Sligo Abbey, Ireland

The Photograph

A cup o' coffee on a snowy January morning


My photo
Current: Danbury, CT, United States
Welcome! A few years ago, I discovered an application that artists employ in their works to bring cultural awareness to their audiences. Having discerned this semiotic theory that applies to literature, music, art, film, and the media, I have devoted the blog, "Theory of Iconic Realism" to explore this theory. The link to the publisher of my book is below. If you or your university would like a copy of this book for your library or if you would like to review it for a scholarly journal, please contact the Edwin Mellen Press at the link listed below. Looking forward to hearing from you!

Thank you for visiting. I hope you will find the information insightful. ~ Dr. Jeanne Iris
To view my page on the Edwin Mellen Press website, please click below:


I have demonstrated or will demonstrate the application of this theory at the following locations:
April, 2016 @ University of Notre Dame:
A 'Daughter of Attila' Speaks: The Semiotic Theory of Iconic Realism in the Cultural Identity of Irish Celts and Magyars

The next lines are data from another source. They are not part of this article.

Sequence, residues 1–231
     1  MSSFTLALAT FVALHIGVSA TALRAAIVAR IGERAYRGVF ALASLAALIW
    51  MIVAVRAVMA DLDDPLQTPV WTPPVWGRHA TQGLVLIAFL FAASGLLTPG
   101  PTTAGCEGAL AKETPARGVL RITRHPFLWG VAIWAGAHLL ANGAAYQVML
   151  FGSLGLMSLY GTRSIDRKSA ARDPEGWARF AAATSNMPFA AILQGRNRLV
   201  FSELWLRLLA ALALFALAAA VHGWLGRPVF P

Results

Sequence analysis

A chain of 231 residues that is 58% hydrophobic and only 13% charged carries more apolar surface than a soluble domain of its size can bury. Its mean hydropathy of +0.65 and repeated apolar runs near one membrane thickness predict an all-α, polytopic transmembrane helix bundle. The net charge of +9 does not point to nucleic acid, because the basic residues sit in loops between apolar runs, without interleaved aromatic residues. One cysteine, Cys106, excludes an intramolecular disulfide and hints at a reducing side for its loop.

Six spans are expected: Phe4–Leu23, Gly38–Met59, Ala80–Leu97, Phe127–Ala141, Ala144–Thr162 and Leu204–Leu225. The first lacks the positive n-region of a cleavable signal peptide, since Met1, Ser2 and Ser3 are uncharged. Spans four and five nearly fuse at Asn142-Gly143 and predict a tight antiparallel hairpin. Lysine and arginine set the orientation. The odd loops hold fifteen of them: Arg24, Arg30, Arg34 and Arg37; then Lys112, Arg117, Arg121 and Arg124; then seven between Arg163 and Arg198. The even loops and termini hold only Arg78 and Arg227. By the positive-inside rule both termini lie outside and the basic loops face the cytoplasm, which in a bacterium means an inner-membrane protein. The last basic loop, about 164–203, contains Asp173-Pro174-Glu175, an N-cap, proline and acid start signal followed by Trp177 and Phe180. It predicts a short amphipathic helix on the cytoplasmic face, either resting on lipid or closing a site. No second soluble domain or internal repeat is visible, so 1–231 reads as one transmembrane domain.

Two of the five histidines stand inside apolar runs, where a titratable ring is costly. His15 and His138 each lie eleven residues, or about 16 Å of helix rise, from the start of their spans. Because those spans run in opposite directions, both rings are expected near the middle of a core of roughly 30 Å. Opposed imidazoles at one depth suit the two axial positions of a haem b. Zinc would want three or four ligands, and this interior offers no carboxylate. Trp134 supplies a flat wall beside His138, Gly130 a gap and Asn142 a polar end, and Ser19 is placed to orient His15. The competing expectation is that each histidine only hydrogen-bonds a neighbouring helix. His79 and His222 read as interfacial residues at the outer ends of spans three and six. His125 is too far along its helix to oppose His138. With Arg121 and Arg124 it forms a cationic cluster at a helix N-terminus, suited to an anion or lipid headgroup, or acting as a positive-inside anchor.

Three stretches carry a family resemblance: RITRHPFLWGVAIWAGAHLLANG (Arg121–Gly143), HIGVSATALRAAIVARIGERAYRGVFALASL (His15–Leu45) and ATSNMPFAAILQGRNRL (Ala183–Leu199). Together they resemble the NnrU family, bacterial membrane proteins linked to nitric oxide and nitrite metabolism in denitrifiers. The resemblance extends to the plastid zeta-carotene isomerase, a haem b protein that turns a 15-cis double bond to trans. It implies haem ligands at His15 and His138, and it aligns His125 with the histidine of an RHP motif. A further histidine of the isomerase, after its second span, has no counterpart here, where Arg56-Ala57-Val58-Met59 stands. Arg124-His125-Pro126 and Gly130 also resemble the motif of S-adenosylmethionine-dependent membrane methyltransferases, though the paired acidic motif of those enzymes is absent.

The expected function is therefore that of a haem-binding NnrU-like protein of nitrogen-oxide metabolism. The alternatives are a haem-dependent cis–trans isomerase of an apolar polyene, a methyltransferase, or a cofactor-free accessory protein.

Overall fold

November, 2016 @ Massachusetts Maritime Academy:
"A Terrible Beauty is Born"...The Semiotic Theory of Iconic Realism and William Butler Yeats' poem, Easter 1916
Dates pending: I will present the theory of iconic realism at universities and art institutes which have purchased my book.

01 March, 2009

Iconic Realism and YOU!

I would love to hear your reactions to this theory. When you get a chance, please jot down your opinions. 
Thanks! ~ Jeanne


  1. Hi Jean, good to see you found some time for blogging!

    I'm still getting to grips with the theory myself - (like I haven't enough to be getting to grips with! :D

    From my viewpoint, it seems perhaps close to the mechanics of surrealist imagery, in that surrealist works 'feature the element of surprise, unexpected juxtapositions and non sequitur' ?

  2. Hey PJ! Good to hear from you. Thanks for your astute observation.

    Yes, you are correct. Surrealist imagery does factor into iconic realism in that it involves "features the element of surprise, unexpected juxtapositions and non-sequitur." In fact, I mention something similar to this in my book. In iconic realism, the writer, artist, filmmaker or composer will use an icon placed in a setting not usually associated with that icon to illustrate a specific, significant need for cultural change. Sometimes, this will in fact be a surrealist image. Dali's work is an example of this.

    Hope that helps.